A competitive drive: Yo’Heinz Tyler increases his role in his third season with Ball State Football

Ball State junior wide receiver Yo'Heinz Tyler caches a pass in the end one for a touchdown Nov. 18, 2020, at Scheumann Stadium. Tyler caught the ball for 108 yards. Jacob Musselman, DN
Ball State junior wide receiver Yo'Heinz Tyler caches a pass in the end one for a touchdown Nov. 18, 2020, at Scheumann Stadium. Tyler caught the ball for 108 yards. Jacob Musselman, DN

It wasn’t love at first sight for Ball State junior wide receiver Yo’Heinz Tyler when he first picked up a football as a 6-year-old. 

Growing up in New Orleans, Tyler played football at a young age, but he said he had a hard time adjusting to the sport’s physicality. 

Years later — in his third season with Ball State — Tyler’s dream is to play in the NFL post-graduation. Ball State currently has three alumni on NFL rosters, and Tyler said he hopes to increase this number soon. 

“I have a lot of older teammates from high school, and we all want to [play professionally],” Tyler said. “We’re all going to keep pushing to get to that level where we want to be.”

Tyler has played a critical role in the Cardinals’ success this season. Through Ball State’s first five games, he is second on the team with 391 receiving yards and has five touchdowns to his name.

“We’re playing like no one can stop us,” Tyler said. “No one can compete with us. That’s been a highlight toward us and the team — we’ve just been balling.” 

While Tyler said he’s expected this success throughout his collegiate career, this season has been a turning point for the junior. 

Following the graduation of former wide receiver Riley Miller last spring, the Cardinals had to trust Tyler to step up and build off of Miller’s workload. Ball State wide receivers coach/recruiting coordinator Alex Bailey knew he could do just that. 

“Yo’Heinz would play well off [Miller], and he didn’t skip a beat,” Bailey said. “Now, with him accepting a bigger role on this team, I think he’s handled it extremely well. He knew coming into this season, ‘I have to step up.’”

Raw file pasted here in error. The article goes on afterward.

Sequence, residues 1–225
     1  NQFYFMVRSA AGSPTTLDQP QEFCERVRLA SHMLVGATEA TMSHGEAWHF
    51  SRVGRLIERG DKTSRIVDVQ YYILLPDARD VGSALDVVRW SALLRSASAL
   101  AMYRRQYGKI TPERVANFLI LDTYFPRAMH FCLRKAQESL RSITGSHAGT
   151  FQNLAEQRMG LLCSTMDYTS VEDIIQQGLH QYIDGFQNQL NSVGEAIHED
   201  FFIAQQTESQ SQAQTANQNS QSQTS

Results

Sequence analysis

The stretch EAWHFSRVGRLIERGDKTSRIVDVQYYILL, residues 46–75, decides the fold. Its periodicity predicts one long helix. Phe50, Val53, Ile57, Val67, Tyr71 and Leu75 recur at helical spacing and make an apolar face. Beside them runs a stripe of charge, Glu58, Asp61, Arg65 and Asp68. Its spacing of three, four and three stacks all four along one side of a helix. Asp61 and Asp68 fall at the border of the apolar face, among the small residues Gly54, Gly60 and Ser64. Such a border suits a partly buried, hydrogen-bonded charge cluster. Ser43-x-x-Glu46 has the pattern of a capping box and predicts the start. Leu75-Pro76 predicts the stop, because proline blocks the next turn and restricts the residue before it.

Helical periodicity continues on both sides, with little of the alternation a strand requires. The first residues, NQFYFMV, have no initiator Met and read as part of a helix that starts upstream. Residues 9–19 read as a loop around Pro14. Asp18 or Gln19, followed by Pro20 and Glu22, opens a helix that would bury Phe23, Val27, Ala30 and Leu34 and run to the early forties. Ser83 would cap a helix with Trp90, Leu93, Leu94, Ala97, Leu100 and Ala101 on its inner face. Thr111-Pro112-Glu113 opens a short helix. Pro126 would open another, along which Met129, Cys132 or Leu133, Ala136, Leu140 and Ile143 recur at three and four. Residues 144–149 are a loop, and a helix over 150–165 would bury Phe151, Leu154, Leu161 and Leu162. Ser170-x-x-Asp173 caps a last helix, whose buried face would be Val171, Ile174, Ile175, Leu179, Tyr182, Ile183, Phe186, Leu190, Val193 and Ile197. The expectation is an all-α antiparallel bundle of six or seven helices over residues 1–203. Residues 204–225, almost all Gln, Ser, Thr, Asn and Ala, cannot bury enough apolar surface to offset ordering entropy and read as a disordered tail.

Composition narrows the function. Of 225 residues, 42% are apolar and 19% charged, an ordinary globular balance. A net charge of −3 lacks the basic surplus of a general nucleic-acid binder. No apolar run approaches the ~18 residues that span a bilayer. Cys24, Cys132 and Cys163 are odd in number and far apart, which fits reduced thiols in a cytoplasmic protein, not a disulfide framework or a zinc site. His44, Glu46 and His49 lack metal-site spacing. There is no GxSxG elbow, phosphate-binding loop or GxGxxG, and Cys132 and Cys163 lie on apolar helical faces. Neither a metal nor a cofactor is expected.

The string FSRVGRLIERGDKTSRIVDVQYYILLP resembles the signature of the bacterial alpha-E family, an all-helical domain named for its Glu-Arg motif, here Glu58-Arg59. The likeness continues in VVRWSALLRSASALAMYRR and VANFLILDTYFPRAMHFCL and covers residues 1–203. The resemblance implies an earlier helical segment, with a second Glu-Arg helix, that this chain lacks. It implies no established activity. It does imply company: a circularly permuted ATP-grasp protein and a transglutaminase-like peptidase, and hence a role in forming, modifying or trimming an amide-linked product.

When Tyler made a recruiting visit to Ball State as a high school senior, Miller was one of the first teammates he met. The two often stayed late after practices to work on their route running, which formed a friendship and a positive working relationship. 

“You could kind of tell he had that raw talent,” Miller said. “You could tell he was going to be a special player. It just kind of kept growing, and growing and growing.”

Ball State junior wide receiver Yo'Heinz Tyler celebrates after scoring a touchdown Nov. 18, 2020, at Scheumann Stadium. Tyler scored one touchdown against the Huskies. Jaden Whiteman, DN

Bailey said Tyler’s discipline, athleticism and willingness to learn immediately caught his attention. 

“He didn’t act like a freshman,” Bailey said. “He was always more of a mature type of player. He wanted to do things the right way and wanted to put himself in a position right away.” 

Hitting the gridiron as a freshman in Ball State’s 2018 season opener, Tyler’s first two receptions in the cardinal and white were touchdowns. His first score came from a leaping 20-yard grab in the right corner of the end zone from former quarterback Riley Neal. He followed that up with a 63-yard catch-and-run from now-redshirt senior quarterback Drew Plitt.

Tyler said he had a competitive mindset heading into his freshman season, and it ultimately paid off. 

“When I got that chance to play and show them what I could do, it helped me a lot,” Tyler said, “just being able to go out there, know what I could do against defenders and play with confidence.”

Watching Tyler’s debut from the sideline, Bailey immediately knew he had someone special. 

“I was like, ‘Hey man, we’ve got one,’” Bailey said. “The ball’s in the air, and he’s coming down with it, so that was really the first time everybody got a chance to see him live in action.”

While the Mid-American Conference’s initial postponement of its 2020 football season due to COVID-19 concerns extended the Cardinals’ offseason, it didn’t stop Tyler from staying motivated. 

Tyler continued practicing on a regular basis prior to the MAC’s announcement to begin a six-game season in early November. He said not playing consistently made him appreciate the game more than he did his first two seasons. 

“We all just worked, worked, worked,” Tyler said. “We never knew when that chance was going to come, and we always stayed prepared [for] whenever that time came. That was something we never experienced and something we never want to have happen again.” 

Ball State has one game remaining on its 2020 slate — Dec. 12 vs. Western Michigan. Tyler is confident the Cardinals can defeat the Broncos and advance to the MAC Championship game Dec. 18 in Detroit. 

“I love this team, and they’re my brothers,” Tyler said. “I feel like we can all stick together. We all connect as one right now, so if we keep that going, we will definitely go.”

Contact Connor Smith with comments at cnsmith@bsu.edu or on Twitter @cnsmith_19.


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